The honest review of Rian Johnson’s Looper is a refreshingly different type of film. Above all, it poses several interesting questions on choices we make in our lives. In other words, the consequences of our actions. Review of Looper, 15 cert, 118 min. Dir Rian Johnson; starring Joseph Gordon-Levitt, Bruce Willis, Emily Blunt, Jeff Daniels, Paul Dano
Set in a future dystopian world, the film stars Joseph Gordon-Levitt (Brick, Inception) as Joe. A less then upstanding member of society who has been given the opportunity to be a looper.
A looper is a unique assassin who at a duly appointed time and place disposes of undesirable individuals. The unfortunates who have been transported back in time, against their will. Future criminal organisations use this basic and brutal method for the reason which is explained at the beginning in a monologue by Joe. Because, he tells us that in the future, it is virtually impossible to dispose of a body. So criminal elements send these victims back in time for “Disposal”. The reward for all this is a bounty of silver bars strapped to the victims back.
The characters of the “Loopers” are short sighted to say the least. Because, at a certain time in the future all loops must be closed. This is where loopers future selves are sent back and executed by their present selves. After that,they are paid for this with gold bars strapped to the victims back, and 30 years which to spend it. After the 30 years are up future criminals will come to send them back in time to be killed and that’s that.
Joe’s problems begin when he starts to notice more and more loops are being closed. This naturally causes Joe to feel a little threatened. In addition, this all comes to a head when his future self, played by Bruce Willis (Die Hard, 12 Monkeys) is sent back but doesn’t play by the rules.
This begins a chain of events which spiral completely out of control and involves questions of value, self-worth and sacrifice. Morality issues also rear their head and lead to Joe and future Joe attempting to change the future fate of themselves in completely different ways.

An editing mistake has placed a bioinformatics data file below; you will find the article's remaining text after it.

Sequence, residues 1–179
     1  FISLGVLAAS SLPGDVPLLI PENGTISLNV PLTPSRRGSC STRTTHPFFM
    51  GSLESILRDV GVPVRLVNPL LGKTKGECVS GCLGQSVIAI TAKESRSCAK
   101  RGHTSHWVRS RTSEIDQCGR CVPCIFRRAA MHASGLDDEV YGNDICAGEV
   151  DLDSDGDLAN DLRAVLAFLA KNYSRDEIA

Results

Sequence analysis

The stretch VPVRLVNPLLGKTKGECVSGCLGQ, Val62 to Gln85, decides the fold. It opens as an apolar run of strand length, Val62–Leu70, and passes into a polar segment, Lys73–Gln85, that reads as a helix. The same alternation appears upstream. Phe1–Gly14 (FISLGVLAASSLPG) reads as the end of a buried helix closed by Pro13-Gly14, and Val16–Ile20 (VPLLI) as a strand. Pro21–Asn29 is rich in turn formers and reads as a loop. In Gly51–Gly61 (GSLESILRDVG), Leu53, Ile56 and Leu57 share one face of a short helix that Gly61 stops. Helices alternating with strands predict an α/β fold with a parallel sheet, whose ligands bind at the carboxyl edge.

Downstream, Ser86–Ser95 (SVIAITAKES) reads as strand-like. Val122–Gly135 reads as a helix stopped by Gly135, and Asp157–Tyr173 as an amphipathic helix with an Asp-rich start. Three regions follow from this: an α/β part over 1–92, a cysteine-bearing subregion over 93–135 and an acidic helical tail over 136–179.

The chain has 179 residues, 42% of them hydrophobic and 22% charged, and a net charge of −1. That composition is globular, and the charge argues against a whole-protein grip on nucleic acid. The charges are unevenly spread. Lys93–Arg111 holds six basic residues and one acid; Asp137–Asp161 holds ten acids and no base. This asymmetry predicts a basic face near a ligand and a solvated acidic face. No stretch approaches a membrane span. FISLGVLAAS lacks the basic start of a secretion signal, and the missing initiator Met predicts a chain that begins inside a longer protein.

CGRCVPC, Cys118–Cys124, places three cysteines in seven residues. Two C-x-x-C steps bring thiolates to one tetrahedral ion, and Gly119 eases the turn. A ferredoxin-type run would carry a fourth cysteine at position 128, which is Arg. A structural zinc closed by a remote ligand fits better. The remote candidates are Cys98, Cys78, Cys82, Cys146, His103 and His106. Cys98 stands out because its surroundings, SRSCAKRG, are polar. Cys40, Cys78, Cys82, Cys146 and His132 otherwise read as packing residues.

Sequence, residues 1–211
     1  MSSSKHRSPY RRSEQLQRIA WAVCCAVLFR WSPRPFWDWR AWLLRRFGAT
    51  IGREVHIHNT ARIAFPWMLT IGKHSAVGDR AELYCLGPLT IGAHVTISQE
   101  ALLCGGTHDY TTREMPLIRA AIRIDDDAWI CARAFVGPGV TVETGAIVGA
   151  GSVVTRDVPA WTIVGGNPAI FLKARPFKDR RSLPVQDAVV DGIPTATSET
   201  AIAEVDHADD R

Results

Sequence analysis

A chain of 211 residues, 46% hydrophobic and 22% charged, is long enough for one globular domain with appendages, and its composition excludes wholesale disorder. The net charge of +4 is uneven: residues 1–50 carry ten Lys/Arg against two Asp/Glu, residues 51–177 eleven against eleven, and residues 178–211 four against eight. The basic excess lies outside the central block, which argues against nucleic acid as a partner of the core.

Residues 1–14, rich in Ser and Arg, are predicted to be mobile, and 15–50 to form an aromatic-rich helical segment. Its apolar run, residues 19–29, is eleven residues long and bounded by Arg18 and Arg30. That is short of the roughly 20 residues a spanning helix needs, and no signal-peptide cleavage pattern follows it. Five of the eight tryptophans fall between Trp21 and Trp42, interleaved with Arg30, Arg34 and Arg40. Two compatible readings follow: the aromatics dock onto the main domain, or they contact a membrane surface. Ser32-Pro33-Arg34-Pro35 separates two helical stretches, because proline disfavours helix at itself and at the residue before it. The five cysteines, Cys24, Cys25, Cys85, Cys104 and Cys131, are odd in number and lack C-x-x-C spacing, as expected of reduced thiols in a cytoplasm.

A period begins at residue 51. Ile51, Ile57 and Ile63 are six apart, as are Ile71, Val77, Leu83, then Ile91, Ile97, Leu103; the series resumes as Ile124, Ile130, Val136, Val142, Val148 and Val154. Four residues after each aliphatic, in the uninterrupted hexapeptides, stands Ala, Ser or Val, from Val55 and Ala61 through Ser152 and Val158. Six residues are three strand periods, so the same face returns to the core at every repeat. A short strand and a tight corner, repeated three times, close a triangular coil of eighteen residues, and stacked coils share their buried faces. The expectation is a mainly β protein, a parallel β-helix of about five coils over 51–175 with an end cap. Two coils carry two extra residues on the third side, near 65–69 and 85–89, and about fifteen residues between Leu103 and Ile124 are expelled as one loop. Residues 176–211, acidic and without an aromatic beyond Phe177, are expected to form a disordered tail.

Any movie dealing with time-travel is always running on razor thin line. Above all. the movie attempts to deal with this in a scene at a café. Joe and Future Joe talk about Time-travel being complicated and how it doesn’t matter how it works.
And there in effect is the problem. Movies which use time-travel as a plot device must be very careful not to take liberties with it. They must establish the rules and stick by them.
Overall, this film is a quirky, fun and enjoyable 118 mins which never outstays it’s welcome. The supporting cast of Jeff Daniels,Emily Blunt and Paul Dano help to convince the viewer of the value of the concept and the look and style of the world is convincing. Most importantly, the convincing special effects are kept to a minimum. Those which are employed help the audience believe in the world and the characters in it.
Bruce Willis is an acquired taste, but to be fair he does a good job. However, believing that Gordon-Levitt and Willis are the same person is a little optimistic. This fun little time travel movie is well worth a view. The always excellent Jeff Daniels provides some high points due to his little chats with Gordon-Levitt.
Emily Blunt’s performance helps sell this movie and her connection with Gordon-Levitt also makes the situation a little more believable.
The issues the characters must deal with, such as addiction, loss and fear are all displayed and delivered convincingly. The selfish nature of the two characters fits well because of the self-obsessed short-sighted nature of the world they inhabit.
In conclusion, I would recommend this film to anyone who loves sci-fi and wants to see something a little different. Gordon-Levitt and Blunts outstanding performances make the film, while Willis gives one of his best displays since 12 monkeys, a film which bears some similarity in style to this one.
Some Useful Links to Watch:
https://www.youtube.com/watch?v=zZn8yGoGynY https://www.rollingstone.com/movies/movie-reviews/looper-93985/ https://www.rogerebert.com/reviews/looper-2012 https://film.avclub.com/looper-1798174341